GETENTROPY(3) Linux Programmer's Manual GETENTROPY(3)
getentropy - fill a buffer with random bytes
int getentropy(void *buffer, size_t length);
Feature Test Macro Requirements for glibc (see feature_test_macros(7)):
The getentropy() function writes length bytes of high-quality random
data to the buffer starting at the location pointed to by buffer. The
maximum permitted value for the length argument is 256.
A successful call to getentropy() always provides the requested number
of bytes of entropy.
On success, this function returns zero. On error, -1 is returned, and
errno is set appropriately.
EFAULT Part or all of the buffer specified by buffer and length is not
in valid addressable memory.
EIO length is greater than 256.
EIO An unspecified error occurred while trying to overwrite buffer
with random data.
ENOSYS This kernel version does not implement the getrandom(2) system
call required to implement this function.
The getentropy() function first appeared in glibc 2.25.
This function is nonstandard. It is also present on OpenBSD.
The getentropy() function is implemented using getrandom(2).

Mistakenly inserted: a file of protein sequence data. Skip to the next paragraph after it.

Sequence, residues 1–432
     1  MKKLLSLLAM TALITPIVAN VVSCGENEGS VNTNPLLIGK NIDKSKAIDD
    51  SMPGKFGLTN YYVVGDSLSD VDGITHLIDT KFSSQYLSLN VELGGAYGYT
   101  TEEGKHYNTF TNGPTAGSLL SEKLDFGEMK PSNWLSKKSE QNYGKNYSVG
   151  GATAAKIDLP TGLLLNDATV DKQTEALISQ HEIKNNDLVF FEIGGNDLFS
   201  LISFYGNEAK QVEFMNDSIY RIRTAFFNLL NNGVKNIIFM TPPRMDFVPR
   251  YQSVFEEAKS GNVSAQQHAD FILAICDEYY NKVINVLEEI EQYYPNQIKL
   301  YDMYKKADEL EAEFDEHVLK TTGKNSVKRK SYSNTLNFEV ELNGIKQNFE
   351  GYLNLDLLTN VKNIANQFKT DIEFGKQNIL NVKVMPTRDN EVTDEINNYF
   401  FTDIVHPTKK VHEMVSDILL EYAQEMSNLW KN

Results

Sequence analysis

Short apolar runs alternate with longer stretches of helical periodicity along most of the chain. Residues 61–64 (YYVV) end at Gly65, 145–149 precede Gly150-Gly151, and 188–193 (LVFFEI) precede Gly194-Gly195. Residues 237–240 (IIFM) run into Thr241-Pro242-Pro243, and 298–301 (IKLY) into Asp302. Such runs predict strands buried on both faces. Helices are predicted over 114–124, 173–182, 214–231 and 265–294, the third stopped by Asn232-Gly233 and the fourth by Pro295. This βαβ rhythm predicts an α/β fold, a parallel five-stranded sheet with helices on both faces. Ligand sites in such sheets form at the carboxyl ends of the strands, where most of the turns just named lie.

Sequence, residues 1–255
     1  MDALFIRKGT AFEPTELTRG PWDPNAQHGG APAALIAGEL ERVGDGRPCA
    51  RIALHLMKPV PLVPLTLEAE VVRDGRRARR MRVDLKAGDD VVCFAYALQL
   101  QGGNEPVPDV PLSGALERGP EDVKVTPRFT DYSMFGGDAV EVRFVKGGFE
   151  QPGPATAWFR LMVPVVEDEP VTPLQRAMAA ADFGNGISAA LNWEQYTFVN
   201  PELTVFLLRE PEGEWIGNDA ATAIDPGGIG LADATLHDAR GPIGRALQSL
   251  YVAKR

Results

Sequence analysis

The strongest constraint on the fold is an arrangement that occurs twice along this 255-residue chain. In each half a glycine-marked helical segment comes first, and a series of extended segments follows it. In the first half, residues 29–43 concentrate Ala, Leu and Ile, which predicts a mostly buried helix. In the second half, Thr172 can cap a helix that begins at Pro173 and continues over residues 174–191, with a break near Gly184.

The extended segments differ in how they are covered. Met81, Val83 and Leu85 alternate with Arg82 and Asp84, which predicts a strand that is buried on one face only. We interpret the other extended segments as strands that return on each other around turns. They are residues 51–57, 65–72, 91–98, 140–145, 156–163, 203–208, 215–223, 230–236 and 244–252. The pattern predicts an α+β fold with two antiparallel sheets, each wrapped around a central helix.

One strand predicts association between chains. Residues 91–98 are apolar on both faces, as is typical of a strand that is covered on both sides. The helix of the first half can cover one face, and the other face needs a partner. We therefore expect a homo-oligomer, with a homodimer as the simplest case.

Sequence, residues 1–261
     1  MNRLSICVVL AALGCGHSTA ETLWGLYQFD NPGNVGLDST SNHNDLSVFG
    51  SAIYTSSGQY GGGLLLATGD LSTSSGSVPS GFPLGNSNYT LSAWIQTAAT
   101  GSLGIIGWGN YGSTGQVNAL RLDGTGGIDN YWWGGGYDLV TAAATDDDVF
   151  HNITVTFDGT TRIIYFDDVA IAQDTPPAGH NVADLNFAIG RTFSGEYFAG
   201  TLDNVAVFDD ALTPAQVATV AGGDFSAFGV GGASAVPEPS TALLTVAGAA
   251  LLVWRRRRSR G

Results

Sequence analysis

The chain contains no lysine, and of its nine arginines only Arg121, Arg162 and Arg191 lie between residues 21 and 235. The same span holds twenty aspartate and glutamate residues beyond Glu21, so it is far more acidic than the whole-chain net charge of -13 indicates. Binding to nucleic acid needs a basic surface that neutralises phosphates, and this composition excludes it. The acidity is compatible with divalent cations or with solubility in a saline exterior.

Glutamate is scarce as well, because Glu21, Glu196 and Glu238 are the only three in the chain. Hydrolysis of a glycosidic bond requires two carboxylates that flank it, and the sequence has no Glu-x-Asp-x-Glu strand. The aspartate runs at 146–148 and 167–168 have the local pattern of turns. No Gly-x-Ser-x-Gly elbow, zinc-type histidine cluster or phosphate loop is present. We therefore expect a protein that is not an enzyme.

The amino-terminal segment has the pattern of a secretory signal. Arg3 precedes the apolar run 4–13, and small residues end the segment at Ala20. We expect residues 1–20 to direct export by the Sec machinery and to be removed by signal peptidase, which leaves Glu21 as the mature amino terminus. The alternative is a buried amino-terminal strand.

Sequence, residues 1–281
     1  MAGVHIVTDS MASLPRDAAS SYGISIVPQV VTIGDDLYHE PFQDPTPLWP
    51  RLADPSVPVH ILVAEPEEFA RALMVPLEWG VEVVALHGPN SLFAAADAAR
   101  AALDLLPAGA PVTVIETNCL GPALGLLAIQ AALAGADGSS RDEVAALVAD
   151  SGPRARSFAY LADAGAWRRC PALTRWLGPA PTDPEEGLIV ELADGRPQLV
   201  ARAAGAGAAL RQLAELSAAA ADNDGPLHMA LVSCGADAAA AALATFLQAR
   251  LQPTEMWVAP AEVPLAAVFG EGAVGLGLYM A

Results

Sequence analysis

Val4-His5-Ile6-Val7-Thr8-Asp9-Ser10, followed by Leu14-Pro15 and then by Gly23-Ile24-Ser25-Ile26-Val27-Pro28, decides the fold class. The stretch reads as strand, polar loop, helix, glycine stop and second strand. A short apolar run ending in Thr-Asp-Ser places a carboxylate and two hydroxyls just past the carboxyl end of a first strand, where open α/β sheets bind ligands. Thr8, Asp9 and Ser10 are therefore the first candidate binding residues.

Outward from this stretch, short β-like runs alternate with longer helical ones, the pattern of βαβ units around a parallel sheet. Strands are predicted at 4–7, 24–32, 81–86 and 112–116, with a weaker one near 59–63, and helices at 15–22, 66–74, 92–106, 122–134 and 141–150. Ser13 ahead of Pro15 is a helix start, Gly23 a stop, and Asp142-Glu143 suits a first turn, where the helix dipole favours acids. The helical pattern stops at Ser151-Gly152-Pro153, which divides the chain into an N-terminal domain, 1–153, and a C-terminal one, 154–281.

Whereas the glibc wrapper makes getrandom(2) a cancellation point,
getentropy() is not a cancellation point.
getentropy() is also declared in <sys/random.h>. (No feature test
macro need be defined to obtain the declaration from that header file.)
A call to getentropy() may block if the system has just booted and the
kernel has not yet collected enough randomness to initialize the
entropy pool. In this case, getentropy() will keep blocking even if a
signal is handled, and will return only once the entropy pool has been
getrandom(2), urandom(4), random(7)
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Linux 2017-09-15 GETENTROPY(3)
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